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A Multi-Level Analysis of Factors Affecting Participation in Health Screenings: A Focus on Household and Regional Factors
Soyoon Park1 , Young-jeon Shin2
1Institute of Public Health, Hanyang University, Seoul, Korea
2Department of Preventive Medicine, Hanyang University College of Medicine, Seoul, Korea
Corresponding Author: Soyoon Park ,Email: cre5486@naver.com
Received: May 18, 2021;  Accepted: October 25, 2021.
ABSTRACT
Objectives:
This study divided the factors that affect participation in health screenings into individual, household, and regional levels and conducted a multi-level analysis to identify the factors related to participation in health screenings.
Method:
Participants from the 2017 Community Health Survey were classified into 2 groups (under 40 and 40 or older). A multi-level logistic regression analysis was conducted to identify the factors that affected participation in health screenings.
Results:
The screening rate of the participants was 69.7%, and it was higher among participants aged 40 and older (80.3%) than it was among participants younger than 40 (49.8%). At the individual level, the factors that influenced participation in health screenings included age, economic activity, smoking status, physician-diagnosed hypertension, and a moderate or high physical activity level. At the household level, the odds ratio of participation in health screenings was high for participants who lived in single-person households, lived with a spouse, earned a high monthly household income, and were not beneficiaries of national basic livelihood security. At the regional level, the odds ratio at the 95% CI level of participation in health screenings was high for participants who had trust in the local community and lived in an area with a proportionally high social welfare budget.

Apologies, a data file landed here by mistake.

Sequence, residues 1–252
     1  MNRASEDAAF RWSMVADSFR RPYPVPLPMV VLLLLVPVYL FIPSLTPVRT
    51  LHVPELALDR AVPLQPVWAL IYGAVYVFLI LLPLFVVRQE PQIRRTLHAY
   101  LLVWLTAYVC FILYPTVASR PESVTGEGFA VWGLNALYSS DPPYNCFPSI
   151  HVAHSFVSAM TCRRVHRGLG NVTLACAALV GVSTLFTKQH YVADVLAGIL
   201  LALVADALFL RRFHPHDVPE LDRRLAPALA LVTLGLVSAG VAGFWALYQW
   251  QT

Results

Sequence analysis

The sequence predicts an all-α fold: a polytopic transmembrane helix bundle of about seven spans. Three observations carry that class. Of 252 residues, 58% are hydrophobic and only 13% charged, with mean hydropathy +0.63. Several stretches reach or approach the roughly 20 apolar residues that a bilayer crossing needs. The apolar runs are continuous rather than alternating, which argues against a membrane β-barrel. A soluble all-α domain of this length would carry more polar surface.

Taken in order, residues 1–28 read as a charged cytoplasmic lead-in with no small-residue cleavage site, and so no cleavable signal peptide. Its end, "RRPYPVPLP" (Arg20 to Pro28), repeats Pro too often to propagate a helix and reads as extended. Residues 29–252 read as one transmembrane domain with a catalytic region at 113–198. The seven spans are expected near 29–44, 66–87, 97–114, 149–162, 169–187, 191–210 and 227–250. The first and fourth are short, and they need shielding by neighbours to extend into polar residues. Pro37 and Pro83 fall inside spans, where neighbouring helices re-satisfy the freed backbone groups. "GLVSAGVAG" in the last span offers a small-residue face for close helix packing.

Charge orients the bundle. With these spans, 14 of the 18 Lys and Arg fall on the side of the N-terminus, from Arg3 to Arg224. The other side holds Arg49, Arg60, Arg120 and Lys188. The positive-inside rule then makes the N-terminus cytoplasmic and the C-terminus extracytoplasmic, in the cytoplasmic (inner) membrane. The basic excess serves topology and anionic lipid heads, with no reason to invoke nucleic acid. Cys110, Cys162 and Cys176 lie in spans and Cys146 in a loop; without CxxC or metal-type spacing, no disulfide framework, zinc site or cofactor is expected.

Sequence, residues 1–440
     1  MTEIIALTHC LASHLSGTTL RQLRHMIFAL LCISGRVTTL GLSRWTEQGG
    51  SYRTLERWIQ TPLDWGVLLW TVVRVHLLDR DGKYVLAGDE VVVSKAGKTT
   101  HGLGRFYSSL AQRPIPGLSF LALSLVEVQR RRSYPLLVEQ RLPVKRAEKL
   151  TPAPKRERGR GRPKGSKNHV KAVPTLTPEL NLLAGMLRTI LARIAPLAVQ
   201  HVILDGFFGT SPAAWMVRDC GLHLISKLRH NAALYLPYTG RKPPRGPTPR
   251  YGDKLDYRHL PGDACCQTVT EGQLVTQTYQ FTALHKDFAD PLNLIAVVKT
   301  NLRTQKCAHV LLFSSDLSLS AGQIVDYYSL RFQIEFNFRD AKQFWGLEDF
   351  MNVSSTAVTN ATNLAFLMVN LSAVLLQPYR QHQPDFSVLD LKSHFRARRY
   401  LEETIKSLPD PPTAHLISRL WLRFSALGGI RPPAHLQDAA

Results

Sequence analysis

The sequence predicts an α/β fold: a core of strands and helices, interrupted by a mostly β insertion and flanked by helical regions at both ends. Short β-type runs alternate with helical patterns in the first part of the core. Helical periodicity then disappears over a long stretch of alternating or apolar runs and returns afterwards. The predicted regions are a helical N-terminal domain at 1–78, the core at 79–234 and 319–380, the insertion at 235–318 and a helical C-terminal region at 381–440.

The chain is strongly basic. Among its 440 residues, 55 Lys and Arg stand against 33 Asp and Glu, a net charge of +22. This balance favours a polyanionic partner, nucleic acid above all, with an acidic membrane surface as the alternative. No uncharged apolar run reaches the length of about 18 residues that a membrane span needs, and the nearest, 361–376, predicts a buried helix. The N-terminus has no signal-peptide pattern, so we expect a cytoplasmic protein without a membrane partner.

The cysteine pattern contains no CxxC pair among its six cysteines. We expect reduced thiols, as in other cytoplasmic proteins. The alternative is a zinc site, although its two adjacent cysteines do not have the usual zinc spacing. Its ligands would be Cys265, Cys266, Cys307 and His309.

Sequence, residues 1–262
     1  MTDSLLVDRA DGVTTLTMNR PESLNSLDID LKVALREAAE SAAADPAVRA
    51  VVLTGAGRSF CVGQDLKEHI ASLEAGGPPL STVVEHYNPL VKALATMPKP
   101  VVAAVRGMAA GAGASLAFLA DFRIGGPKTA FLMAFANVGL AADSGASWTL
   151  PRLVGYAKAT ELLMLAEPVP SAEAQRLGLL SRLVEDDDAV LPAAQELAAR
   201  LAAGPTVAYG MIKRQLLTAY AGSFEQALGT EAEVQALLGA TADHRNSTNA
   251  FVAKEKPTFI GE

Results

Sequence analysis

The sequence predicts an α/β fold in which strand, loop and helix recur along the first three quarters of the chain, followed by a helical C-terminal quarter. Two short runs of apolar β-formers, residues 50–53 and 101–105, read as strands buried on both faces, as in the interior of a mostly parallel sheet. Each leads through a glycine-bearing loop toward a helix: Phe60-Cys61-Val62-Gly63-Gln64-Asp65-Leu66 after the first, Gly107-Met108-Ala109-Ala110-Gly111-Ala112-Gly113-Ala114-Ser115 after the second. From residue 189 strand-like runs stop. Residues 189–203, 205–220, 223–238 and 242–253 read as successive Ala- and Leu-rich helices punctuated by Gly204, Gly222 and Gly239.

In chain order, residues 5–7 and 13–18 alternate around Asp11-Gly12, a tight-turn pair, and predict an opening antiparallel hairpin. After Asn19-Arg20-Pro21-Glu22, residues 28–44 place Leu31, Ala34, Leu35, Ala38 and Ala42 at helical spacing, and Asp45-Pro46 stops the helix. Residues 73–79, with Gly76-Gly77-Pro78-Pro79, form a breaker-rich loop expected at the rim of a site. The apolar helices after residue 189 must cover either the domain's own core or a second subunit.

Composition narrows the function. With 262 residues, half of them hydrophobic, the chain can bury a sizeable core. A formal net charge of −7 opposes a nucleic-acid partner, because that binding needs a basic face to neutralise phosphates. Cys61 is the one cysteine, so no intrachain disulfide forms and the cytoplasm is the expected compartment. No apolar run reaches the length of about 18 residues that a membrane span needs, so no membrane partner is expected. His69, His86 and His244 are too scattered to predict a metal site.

Conclusions:
This study analyzed nationalwide data and confirmed that individual, household, and regional characteristics affected participation in health screenings. Therefore, policies that prioritize the improvement of regional-level factors and specially household-level factors are likely to be the most effective for improving the screening rate.
Key words: Health Screening; Community Health Survey(CHS); Multi-Level Analysis; Screening rate; Geographic difference
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